Establishing a single sign-on environment
Single sign-on (SSO) enables users to log into one z/OSMF instance and to access other z/OSMF instances without getting prompted to log in again. z/OSMF uses the Lightweight Third Party Authentication (LTPA) security protocol to enable a secure single sign-on environment among z/OSMF instances.
The LTPA protocol uses an LTPA token to authenticate a user with the z/OSMF servers that are enabled for single sign-on. The LTPA token contains information about the user and is encrypted using a cryptographic key. The z/OSMF servers pass the LTPA token to other z/OSMF servers through cookies for web resources. If the receiving server uses the same key as the primary z/OSMF server -- the server that generated the key to be used for SSO, the receiving server decrypts the token to obtain the user information, verifies that the token has not expired, and confirms that the user ID exists in its user registry. After the receiving server validates the LTPA token, the server authenticates the user with that z/OSMF instance, and allows the user to access any resource to which the user is authorized.
- The z/OSMF servers participating in the single sign-on environment must reside in the same LTPA domain as the primary z/OSMF server. The LTPA domain name is the parent portion of the fully qualified hostname of the z/OSMF servers. For example, if the fully-qualified hostname is server.yourco.com, the LTPA domain is yourco.com. Due to browser restrictions, the hostname must be qualified with at least three levels (for example server.yourco.com). The domain name must have at least two levels (for example, yourco.com).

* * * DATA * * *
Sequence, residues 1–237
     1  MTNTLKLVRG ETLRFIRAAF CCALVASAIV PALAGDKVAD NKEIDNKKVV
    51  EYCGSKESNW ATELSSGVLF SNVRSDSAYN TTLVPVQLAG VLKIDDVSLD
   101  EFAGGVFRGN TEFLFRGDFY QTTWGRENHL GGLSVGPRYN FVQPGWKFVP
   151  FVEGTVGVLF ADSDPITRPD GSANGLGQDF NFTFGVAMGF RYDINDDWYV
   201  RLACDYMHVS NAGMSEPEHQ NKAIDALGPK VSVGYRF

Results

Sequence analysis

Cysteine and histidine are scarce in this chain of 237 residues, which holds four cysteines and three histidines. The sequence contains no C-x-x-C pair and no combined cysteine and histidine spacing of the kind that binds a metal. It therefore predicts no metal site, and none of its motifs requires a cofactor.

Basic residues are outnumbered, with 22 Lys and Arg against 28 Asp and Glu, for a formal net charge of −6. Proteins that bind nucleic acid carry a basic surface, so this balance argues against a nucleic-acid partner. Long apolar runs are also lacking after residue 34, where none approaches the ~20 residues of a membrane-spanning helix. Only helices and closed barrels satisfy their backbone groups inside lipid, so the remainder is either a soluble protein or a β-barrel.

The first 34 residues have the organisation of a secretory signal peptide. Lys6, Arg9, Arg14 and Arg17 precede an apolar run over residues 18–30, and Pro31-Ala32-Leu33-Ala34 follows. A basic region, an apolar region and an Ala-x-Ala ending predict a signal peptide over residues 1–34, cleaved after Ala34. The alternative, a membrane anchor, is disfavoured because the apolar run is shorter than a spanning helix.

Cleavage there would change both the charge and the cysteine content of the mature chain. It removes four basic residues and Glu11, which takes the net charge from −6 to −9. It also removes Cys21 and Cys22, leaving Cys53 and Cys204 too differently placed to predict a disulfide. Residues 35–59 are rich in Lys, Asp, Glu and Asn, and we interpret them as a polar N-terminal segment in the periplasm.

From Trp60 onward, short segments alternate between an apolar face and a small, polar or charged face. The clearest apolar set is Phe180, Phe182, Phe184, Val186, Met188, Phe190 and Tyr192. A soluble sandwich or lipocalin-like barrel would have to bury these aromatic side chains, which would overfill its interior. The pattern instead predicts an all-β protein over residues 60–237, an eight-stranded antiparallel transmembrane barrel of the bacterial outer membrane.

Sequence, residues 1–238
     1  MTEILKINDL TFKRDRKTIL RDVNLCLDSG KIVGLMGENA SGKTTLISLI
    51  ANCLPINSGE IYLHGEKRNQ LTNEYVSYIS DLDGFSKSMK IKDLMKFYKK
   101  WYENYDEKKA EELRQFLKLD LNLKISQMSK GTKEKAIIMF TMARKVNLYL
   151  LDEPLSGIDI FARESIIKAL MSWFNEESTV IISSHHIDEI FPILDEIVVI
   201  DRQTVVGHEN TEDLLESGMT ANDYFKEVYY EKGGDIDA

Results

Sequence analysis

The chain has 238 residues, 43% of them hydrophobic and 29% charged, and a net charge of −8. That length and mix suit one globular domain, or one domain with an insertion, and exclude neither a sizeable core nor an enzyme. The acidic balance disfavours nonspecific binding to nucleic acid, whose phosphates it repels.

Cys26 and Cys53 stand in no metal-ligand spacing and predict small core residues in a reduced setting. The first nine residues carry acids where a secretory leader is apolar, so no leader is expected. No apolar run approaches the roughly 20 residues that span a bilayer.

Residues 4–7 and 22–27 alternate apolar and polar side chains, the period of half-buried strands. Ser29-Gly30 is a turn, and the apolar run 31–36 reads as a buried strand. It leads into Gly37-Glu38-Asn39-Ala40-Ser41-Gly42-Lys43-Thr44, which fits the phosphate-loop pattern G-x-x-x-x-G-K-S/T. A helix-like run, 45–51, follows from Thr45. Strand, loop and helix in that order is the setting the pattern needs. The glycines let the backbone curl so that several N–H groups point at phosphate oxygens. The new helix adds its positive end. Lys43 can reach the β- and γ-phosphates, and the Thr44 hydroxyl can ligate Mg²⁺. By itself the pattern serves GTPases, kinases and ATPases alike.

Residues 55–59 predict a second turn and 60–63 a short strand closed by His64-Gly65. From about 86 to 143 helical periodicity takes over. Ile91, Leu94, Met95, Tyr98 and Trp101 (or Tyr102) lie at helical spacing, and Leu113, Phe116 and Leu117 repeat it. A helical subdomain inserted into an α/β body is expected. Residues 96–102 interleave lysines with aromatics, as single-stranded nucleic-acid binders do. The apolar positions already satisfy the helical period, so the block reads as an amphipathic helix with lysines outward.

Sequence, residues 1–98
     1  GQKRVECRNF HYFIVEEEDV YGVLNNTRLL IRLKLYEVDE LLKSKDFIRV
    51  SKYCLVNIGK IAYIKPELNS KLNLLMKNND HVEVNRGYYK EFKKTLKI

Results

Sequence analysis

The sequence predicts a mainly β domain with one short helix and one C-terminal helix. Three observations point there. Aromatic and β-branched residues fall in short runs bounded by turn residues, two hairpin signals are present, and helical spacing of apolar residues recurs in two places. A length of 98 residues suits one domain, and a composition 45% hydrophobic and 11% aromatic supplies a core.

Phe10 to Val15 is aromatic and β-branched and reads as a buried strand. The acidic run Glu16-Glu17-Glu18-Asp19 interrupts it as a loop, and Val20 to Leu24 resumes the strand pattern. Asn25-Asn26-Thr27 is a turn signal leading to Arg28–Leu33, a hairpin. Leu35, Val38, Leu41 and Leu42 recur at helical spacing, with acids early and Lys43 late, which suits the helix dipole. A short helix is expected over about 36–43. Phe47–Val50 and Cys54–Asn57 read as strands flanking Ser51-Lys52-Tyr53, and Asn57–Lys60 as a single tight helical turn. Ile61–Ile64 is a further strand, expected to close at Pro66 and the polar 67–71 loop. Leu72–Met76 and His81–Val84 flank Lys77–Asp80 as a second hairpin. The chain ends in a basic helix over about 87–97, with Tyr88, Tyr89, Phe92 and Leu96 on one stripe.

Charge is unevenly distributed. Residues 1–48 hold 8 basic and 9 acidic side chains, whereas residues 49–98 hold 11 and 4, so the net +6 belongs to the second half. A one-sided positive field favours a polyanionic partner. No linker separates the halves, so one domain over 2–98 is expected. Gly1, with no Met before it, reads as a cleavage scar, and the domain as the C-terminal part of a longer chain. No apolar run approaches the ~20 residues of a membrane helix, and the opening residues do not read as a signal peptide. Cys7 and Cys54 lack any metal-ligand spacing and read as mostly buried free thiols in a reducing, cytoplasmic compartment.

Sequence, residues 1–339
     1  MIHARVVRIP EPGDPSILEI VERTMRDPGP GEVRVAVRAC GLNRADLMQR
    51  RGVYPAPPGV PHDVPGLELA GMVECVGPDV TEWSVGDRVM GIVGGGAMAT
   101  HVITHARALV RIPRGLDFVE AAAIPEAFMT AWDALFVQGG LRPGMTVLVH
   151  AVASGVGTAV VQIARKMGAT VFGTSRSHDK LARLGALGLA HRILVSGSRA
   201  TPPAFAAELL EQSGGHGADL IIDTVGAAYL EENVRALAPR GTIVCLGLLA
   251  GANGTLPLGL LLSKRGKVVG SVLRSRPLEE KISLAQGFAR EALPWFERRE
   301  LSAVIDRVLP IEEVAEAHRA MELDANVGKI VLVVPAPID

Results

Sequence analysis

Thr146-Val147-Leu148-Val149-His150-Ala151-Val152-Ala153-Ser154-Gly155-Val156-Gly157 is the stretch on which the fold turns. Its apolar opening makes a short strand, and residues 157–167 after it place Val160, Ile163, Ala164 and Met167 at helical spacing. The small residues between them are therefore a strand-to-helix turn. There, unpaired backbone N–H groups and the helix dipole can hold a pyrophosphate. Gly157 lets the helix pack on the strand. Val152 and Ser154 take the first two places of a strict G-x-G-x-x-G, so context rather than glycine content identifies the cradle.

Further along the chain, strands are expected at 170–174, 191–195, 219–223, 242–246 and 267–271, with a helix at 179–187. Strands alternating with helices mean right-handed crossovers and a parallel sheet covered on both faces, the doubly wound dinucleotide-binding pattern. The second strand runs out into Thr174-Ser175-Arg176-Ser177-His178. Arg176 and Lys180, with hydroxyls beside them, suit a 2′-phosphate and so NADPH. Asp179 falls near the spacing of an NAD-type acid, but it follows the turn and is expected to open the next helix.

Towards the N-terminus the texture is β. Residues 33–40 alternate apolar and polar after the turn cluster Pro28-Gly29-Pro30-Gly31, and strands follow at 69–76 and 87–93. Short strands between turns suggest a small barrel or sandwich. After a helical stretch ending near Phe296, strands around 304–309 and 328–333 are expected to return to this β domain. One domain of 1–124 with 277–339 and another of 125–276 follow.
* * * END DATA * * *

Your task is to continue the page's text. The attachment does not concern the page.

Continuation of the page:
- The servers must share the same LTPA key. For z/OSMF, this is accomplished by invoking the Enable Single Sign-on action to synchronize the LTPA key on the primary and secondary z/OSMF servers. For instructions, see help topic Enabling single sign-on.
- The user ID of the user must exist and be the same in all System Authorization Facility (SAF) user registries. It is recommended that you use the same user registry settings for all z/OSMF servers so that users and groups are the same, regardless of the server.
- The value specified for the SAF prefix during the z/OSMF configuration process must be the same for each z/OSMF server you want to enable for single sign-on. By default, the z/OSMF SAF prefix is IZUDFLT.
z/OSMF generates an LTPA keys file when you start the primary z/OSMF sever if an LTPA keys file does not exist. The file is encrypted with a randomly generated key, and a default password of WebAS is initially used to protect the file. When establishing a single sign-on environment, it is recommended that administrators change the default password on the primary z/OSMF server, restart the server to generate a new LTPA keys file, and then proceed with enabling single sign-on between one or more z/OSMF instances. For more information about changing the LTPA key password and enabling single sign-on, see the sections that follow.